3.4. Discovering and Joining Identity Domains
realm discovercommand returns complete domain configuration and a list of packages that must be installed for the system to be enrolled in the domain.
realm joincommand then sets up the local machine for use with a specified domain by configuring both the local system services and the entries in the identity domain. The process run by
realm joinfollows these steps:
- Running a discovery scan for the specified domain.
- Automatic installation of the packages required to join the system to the domain.This includes SSSD and the PAM home directory job packages. Note that the automatic installation of packages requires the
PackageKitsuite to be running.
PackageKitis disabled, the system prompts you for the missing packages, and you will be required to install them manually using the
- Joining the domain by creating an account entry for the system in the directory.
- Creating the
/etc/krb5.keytabhost keytab file.
- Configuring the domain in SSSD and restarting the service.
- Enabling domain users for the system services in PAM configuration and the
realm discovercommand displays information about the default DNS domain, which is the domain assigned through the Dynamic Host Configuration Protocol (DHCP):
# realm discover ad.example.com type: kerberos realm-name: AD.EXAMPLE.COM domain-name: ad.example.com configured: no server-software: active-directory client-software: sssd required-package: oddjob required-package: oddjob-mkhomedir required-package: sssd required-package: adcli required-package: samba-common
realm discoverand add the name of the domain you want to discover:
# realm discover ad.example.com
realmdsystem will then use DNS SRV lookups to find the domain controllers in this domain automatically.
realm discovercommand requires NetworkManager to be running; in particular, it depends on the D-Bus interface of NetworkManager. If your system does not use NetworkManager, always specify the domain name in the
realmdsystem can discover both Active Directory and Identity Management domains. If both domains exist in your environment, you can limit the discovery results to a specific type of server using the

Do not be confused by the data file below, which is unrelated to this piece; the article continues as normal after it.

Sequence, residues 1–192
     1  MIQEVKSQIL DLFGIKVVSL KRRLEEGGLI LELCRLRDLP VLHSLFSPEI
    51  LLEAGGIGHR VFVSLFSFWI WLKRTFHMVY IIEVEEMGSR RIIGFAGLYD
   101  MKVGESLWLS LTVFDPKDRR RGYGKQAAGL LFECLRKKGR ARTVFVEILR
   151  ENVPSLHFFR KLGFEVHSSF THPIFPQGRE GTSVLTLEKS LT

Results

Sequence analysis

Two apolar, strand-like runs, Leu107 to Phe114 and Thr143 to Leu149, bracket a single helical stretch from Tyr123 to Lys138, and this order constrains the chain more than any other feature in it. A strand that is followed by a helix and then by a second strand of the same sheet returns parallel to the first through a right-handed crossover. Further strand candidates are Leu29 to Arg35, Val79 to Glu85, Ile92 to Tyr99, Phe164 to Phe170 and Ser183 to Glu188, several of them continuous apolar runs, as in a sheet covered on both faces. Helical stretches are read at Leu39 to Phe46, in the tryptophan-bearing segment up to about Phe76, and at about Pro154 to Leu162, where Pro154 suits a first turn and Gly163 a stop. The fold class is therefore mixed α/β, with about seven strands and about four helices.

--server-softwareoption. For example:
# realm discover --server-software=active-directory
login-policy, which shows if domain users are allowed to log in as soon as the join is complete. If logins are not allowed by default, you can allow them manually by using the
realm permitcommand. For details, see Section 3.7, “Managing Login Permissions for Domain Users”.
realm discovercommand, see the realm(8) man page.
Joining a Domain
realm joincommand and specify the domain name:
# realm join ad.example.com realm: Joined ad.example.com domain
Administrator; for IdM, it is called
admin. To connect as a different user, use the
# realm join ad.example.com -U user
# kinit user # realm join ad.example.com -U user
realm joincommand accepts several other configuration options. For more information about the
realm joincommand, see the realm(8) man page.
Example 3.1. Example Procedure for Enrolling a System into a Domain
- Run the
realm discovercommand to display information about the domain.
# realm discover ad.example.com ad.example.com type: kerberos realm-name: AD.EXAMPLE.COM domain-name: ad.example.com configured: no server-software: active-directory client-software: sssd
- Run the
realm joincommand and pass the domain name to the command. Provide the administrator password if the system prompts for it.
# realm join ad.example.com Password for Administrator: password
realmdchecks for the DNS SRV record:
_ldap._tcp.domain.example.com.for Identity Management records
_ldap._tcp.dc._msdcs.domain.example.com.for Active Directory records
Testing the System Configuration after Joining a Domain
- Run the
id user@domain_namecommand to display information about a user from the domain.
# id firstname.lastname@example.org uid=1348601103(email@example.com) gid=1348600513(domain firstname.lastname@example.org) groups=1348600513(domain email@example.com)
- Using the
sshutility, log in as the same user.
# ssh -l firstname.lastname@example.org linux-client.ad.example.com email@example.com@linux-client.ad.example.com's password: Creating home directory for firstname.lastname@example.org.
- Verify that the
pwdutility prints the user's home directory.
$ pwd /home/ad.example.com/user
- Verify that the
idutility prints the same information as the
id user@domain_namecommand from the first step.
$ id uid=1348601103(email@example.com) gid=1348600513(domain firstname.lastname@example.org) groups=1348600513(domain email@example.com) context=unconfined_u:unconfined_r:unconfined_t:s0-s0:c0.c1023
kinitutility is also useful when testing whether the domain join was successful. Note that to use the utility, the krb5-workstation package must be installed.